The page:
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As I'm sure all regular readers of this column are aware, I am not particularly impressed with the objectivity or performance of today's mainstream media.
So much of their work is poorly researched, funded by advertisers and often little more than a press-release that has been "storified" by adding an intern's by-line to it.
I don't know that we suffer so much from "fake news" as just plain "lazy news" these days.
Of course commercial pressures are a powerful force for change and it does seem that this lazy "journalism" has arisen mainly since the Net effectively dismantled the old news-publishing models such as newspapers and "the evening news" on TV.
However, at least we have National Radio... right? That fine bastion of commercial-free reporting that enjoys the rare luxury of not having to generate advertising revenues and the benefit of receiving a stipend from the taxpayer.
Well I'm starting to think that even NatRad has gone down the gurgler.
In order to evaluate the performance of a news source, it is essential that you judge it on a subject with which you have a good knowledge, understanding and awareness of.
So yes, I'm sorry... we're talking drones again.
Yesterday the mainstream commercial (ie: tabloid) media was awash with reports that Wellington Airport had been closed down for half an our because a pilot saw a drone.
Okay, that's a fact worth reporting... but what followed was the usual "storification" of a press release.
NZALPA (the NZ Airline Pilots' Association) did their usual trick of rolling out a hysterical press release claiming that people were going to die... and most media outlets lapped it up. Some updated their earlier stories to include the rantings of Mr Tim Robinson (from NZALPA) and others took the opportunity to publish a whole new story... well that press release with an intern's by-line on it.
Ah... just think of the ad revenues... and profits are even higher when you let someone else (Mr Robinson) write your stories for you eh?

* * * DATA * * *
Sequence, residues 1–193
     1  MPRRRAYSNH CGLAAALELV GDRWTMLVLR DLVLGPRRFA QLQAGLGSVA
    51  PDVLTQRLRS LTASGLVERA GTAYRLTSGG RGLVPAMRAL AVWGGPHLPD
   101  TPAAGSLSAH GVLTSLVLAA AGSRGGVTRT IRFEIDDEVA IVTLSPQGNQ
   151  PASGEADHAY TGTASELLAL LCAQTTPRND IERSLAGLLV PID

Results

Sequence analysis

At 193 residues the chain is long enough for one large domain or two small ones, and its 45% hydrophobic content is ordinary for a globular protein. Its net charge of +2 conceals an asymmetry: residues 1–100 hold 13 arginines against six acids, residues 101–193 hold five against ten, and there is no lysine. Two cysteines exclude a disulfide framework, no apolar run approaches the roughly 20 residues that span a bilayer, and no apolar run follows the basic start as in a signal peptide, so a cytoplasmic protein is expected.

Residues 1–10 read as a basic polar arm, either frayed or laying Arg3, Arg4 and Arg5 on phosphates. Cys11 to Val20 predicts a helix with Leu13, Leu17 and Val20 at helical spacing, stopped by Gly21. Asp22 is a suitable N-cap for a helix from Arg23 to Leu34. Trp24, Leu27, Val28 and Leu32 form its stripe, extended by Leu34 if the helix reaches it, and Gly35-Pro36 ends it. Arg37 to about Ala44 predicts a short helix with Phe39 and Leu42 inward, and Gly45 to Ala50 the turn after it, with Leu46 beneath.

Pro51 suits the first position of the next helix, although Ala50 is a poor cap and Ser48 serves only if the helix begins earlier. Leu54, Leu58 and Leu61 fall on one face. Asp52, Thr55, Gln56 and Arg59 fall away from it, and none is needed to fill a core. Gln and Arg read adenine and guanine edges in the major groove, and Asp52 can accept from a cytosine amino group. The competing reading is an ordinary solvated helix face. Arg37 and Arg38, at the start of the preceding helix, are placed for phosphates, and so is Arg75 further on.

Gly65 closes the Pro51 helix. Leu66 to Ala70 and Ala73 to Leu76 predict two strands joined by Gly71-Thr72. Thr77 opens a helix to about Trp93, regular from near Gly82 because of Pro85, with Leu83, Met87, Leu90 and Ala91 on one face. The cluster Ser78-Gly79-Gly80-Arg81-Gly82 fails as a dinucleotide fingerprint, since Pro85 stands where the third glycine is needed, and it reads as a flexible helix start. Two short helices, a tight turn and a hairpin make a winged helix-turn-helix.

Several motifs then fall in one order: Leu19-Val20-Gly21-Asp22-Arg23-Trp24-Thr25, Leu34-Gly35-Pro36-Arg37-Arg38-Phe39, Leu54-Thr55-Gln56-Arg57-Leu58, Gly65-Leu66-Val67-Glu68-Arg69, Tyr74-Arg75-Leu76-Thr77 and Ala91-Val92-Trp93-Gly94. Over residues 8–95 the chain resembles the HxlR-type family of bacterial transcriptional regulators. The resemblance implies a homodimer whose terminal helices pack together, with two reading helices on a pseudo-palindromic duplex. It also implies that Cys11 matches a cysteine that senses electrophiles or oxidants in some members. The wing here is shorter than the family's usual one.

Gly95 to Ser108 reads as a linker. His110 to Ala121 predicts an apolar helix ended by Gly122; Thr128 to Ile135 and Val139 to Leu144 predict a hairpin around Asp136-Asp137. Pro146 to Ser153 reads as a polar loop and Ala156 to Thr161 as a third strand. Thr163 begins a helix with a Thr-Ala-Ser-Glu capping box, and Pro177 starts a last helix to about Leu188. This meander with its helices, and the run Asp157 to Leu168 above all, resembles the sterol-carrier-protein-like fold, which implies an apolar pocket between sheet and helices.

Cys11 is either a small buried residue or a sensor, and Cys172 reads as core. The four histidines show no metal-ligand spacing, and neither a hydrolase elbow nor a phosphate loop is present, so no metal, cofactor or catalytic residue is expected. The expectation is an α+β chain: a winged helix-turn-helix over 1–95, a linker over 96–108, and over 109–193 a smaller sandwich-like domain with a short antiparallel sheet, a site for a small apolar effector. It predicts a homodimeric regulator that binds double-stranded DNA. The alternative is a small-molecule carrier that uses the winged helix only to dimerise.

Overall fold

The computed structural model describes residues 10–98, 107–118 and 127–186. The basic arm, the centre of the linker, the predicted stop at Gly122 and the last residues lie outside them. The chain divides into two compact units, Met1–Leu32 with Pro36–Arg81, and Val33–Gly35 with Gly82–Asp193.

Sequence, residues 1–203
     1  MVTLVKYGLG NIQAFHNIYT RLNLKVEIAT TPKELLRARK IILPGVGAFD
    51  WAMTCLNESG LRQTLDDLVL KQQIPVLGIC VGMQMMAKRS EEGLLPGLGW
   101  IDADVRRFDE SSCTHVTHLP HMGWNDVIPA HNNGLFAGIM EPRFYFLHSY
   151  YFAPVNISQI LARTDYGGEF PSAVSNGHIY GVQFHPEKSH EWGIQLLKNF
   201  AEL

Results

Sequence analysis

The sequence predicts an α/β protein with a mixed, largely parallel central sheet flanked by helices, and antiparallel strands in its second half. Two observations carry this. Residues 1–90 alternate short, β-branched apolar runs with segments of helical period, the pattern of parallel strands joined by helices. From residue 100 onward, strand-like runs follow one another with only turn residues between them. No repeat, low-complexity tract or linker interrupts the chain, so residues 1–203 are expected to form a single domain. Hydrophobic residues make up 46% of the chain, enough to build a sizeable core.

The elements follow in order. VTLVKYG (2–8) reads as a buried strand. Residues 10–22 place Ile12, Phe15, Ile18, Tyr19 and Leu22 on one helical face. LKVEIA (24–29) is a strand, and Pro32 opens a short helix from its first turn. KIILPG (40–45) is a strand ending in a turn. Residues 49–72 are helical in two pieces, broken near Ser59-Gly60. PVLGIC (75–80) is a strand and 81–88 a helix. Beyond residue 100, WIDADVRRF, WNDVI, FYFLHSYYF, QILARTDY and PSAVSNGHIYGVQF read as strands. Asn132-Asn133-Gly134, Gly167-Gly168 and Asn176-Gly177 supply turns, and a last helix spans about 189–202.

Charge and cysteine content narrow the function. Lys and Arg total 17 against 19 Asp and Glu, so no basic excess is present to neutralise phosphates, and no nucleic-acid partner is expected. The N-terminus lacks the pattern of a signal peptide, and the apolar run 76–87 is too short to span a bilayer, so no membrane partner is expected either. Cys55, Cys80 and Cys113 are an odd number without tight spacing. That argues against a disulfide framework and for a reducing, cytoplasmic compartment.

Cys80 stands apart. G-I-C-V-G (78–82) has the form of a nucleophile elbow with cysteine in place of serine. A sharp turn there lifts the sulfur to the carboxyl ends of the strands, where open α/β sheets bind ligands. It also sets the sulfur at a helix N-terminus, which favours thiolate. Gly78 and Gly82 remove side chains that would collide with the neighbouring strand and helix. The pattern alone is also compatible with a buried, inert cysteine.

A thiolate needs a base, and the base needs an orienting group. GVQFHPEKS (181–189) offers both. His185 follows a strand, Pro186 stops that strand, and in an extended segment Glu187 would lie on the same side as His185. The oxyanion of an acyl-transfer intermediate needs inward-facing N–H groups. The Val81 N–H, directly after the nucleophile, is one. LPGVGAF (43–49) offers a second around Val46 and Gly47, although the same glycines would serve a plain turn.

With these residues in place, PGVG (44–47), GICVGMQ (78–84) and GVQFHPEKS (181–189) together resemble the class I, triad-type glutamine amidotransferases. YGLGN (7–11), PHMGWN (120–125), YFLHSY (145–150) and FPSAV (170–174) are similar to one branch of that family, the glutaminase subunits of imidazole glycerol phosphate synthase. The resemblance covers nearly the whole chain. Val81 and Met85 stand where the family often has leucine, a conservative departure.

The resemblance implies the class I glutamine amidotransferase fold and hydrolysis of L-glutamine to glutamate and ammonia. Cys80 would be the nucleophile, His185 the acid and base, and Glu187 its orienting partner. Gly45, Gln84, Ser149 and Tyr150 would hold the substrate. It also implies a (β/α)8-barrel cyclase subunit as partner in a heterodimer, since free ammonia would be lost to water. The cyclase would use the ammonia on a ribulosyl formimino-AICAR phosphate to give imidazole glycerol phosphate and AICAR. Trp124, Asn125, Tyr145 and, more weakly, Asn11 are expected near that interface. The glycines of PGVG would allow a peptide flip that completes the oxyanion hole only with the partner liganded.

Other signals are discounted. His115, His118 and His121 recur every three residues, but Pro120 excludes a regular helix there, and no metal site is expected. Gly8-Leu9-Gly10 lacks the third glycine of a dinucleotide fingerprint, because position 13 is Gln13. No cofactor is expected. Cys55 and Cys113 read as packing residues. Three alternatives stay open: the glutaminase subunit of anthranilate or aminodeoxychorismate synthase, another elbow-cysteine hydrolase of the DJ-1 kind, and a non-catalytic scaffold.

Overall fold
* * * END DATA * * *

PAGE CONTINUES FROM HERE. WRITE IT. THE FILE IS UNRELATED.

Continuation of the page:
Now I had expected that RadioNZ would be a little more objective and do a little more research when they published their stories... but I was a tad disappointed.
Here is the story they published in the wake of the NZALPA press release.
For a start, it seems that RadioNZ don't use English. Let's look at the very first sentence of that "story":
"Pilots want the laws around drone use beefed up by the government as they wait for new technology to make the aircrafts safer."
I think that anyone with a primary school education in *real* English will understand that, like "sheep", "aircraft" is a collective noun and references a single or multiple units.
Want proof? Look here.
Now surely a journalist would need to have a reasonable grasp of the English language -- right?
So did Ben Strang, whose byline appears on the story, really write that?
Well I've noticed that NZALPA's Mr Robinson has been quoted as using the word "aircrafts" before -- so draw your own conclusions.
It is the job of any good journalist to challenge (or at least check) the assertions made by those being interviewed. If Mr Strang is so swayed by Mr Robinson's claims that it has even over-ridden the use of proper English on the part of the former... how an we trust any of the "facts" in this story?
And where were the really *big* questions from the RadioNZ journalist?
"Exactly how will tougher regulation affect the actions of those who are already breaking the regulations we do have by flying their drones near airports?"
"Given that the registration of drones and pilots has not resulted in a single prevention or apprehension anywhere in the world where this is done, what would be the purpose of introducing such a scheme here in New Zealand and who would pay for the not-insignificant cost?"
"Mr Robinson, you make a lot of noise about the danger of these recreational multirotor drones so can you please tell us how many lives they have claimed over the past decade?"
Nope... no sign of any questions that would effectively challenge the assertions made by NZAPLA, questions that a *real* old-school journalist would have been asking -- so as to ensure that the story had a modicum of balance.
I have emailed Mr Strang, suggesting that perhaps NatRad should be more balanced in its reporting and offering myself as an alternative (balancing) source of comment. It will be interesting to see if anything comes of it -- but I'm not going to hold my breath.
It would appear (although Mr Strang could yet prove me wrong) that NatRad has joined the collective of lazy, unprofessional mainstream media that shapes the minds of the public each and every day.
Beware... trust nobody... not even me! :-)
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